This guide will look at the concept of total addressable market (or TAM for short). Our focus is on giving business owners a practical understanding of TAM and how it can impact their strategy as well as the valuation range for their business. Here are some key takeaways about total addressable markets:
When investors refer to a business's total addressable market, they are referring to the revenue potential of the company's products and services within the business's current market.
While at face value, this concept seems very academic, there is practical value in understanding it. We'll briefly discuss why this concept is important for business owners to understand.
The value of a total addressable market is normally calculated with a "top-down" metric. Here, we start with the total number of people we determine to be in our TAM and we multiply it by our value metric.
For service businesses, it's common to use "annual contract value" as a value metric. So as an example let's assume that our TAM has 2 million people in it and our annual contract value for our core service is $10,000. This would give us a TAM of $20 Billion (2,000,000 x $10,000).
Investors and acquiring companies take TAM seriously, however just because you have a TAM of $20 billion doesn't mean you are going to make $20 billion.
In this light, commonly when TAM is discussed, it is broken down further. So, not only will we look at the total addressable market, but we'll also look at the "serviceable addressable market" and the "serviceable obtainable market."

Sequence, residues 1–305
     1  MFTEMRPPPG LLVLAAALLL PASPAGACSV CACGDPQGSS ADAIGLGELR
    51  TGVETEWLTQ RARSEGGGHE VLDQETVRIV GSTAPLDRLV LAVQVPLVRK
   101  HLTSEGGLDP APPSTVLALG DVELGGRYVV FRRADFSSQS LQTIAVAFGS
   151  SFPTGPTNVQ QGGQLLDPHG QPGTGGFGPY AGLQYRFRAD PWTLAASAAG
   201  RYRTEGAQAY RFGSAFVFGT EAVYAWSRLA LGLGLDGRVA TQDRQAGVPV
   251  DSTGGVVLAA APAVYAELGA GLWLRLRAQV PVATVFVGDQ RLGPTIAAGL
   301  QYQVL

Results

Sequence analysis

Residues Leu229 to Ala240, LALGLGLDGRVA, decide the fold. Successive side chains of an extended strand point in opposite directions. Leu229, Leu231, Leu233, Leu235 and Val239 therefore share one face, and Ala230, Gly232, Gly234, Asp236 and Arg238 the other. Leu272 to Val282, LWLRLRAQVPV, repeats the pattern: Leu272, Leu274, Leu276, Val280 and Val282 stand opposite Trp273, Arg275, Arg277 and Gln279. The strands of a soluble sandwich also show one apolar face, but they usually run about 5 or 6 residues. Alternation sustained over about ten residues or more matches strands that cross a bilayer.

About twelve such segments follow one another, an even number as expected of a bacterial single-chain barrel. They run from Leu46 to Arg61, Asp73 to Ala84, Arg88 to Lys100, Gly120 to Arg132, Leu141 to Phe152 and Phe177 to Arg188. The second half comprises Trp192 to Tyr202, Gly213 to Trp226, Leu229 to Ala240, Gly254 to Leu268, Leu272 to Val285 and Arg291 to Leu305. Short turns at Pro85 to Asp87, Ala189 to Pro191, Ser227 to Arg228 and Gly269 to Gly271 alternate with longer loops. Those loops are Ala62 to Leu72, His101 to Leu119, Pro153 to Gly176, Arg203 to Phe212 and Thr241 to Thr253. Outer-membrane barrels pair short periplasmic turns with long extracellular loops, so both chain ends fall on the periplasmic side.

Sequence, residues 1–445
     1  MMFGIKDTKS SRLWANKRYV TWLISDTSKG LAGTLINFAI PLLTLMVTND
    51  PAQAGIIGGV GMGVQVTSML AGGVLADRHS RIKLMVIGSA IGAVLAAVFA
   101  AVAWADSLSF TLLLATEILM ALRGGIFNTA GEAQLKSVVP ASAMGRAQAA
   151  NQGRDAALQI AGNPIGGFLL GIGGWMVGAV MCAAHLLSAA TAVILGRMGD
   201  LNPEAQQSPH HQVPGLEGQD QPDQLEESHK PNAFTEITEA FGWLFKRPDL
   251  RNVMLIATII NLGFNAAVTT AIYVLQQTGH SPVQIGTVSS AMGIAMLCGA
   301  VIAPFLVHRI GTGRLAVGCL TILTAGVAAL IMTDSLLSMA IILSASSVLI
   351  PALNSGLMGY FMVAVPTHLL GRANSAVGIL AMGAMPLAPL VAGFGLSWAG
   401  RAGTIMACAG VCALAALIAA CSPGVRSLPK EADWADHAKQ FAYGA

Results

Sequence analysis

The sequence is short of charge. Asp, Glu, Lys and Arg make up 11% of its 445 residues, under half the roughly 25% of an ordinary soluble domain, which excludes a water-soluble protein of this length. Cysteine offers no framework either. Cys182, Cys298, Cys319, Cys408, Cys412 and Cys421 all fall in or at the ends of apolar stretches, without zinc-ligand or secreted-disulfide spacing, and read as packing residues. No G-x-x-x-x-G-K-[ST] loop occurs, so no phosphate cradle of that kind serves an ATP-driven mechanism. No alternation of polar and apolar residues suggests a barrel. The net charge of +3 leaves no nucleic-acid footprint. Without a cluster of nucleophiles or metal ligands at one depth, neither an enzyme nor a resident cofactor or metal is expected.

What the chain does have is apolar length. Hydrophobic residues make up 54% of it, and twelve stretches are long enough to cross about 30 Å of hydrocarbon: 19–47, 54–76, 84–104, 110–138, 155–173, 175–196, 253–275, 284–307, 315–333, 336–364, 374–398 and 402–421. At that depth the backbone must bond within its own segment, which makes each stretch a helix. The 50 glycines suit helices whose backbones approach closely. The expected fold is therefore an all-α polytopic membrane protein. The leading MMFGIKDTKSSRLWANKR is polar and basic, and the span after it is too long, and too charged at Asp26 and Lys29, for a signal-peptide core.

These are essentially just different perspectives or frameworks for breaking down a business' target market even further.
So, before we defined TAM as the revenue potential of the company's products and services within the business's current market. If we break this total addressable market down a step further, we get to the "serviceable available market."
When we look at the "serviceable available market" we're trying to see the percentage of our TAM that has the strongest need for our product or service. Essentially, these would be the prospects that we feel we would have the strongest product/market fit with, based on the information we have and the way we intend to position our product or service. A good example to understand this might be "location" If we were a local restaurant we could define our TAM as everyone within a two-hour driving distance of our location. While it's certainly reasonable that people living two hours away may come to our restaurant at some point over the next five years, we could look at our serviceable available market to people who live within 30 minutes of our restaurant.
Moving further in this direction, if we were to break down our TAM down further from "serviceable available market," we would end up with our "serviceable obtainable market." This metric looks at the people we believe we can realistically win as customers from within our "serviceable available market."
Understanding the total addressable market, serviceable available market, and serviceable obtainable market will require that the company do market and industry research.
Often, this research proves tedious, but it is important that business owners take the time to do it for several reasons.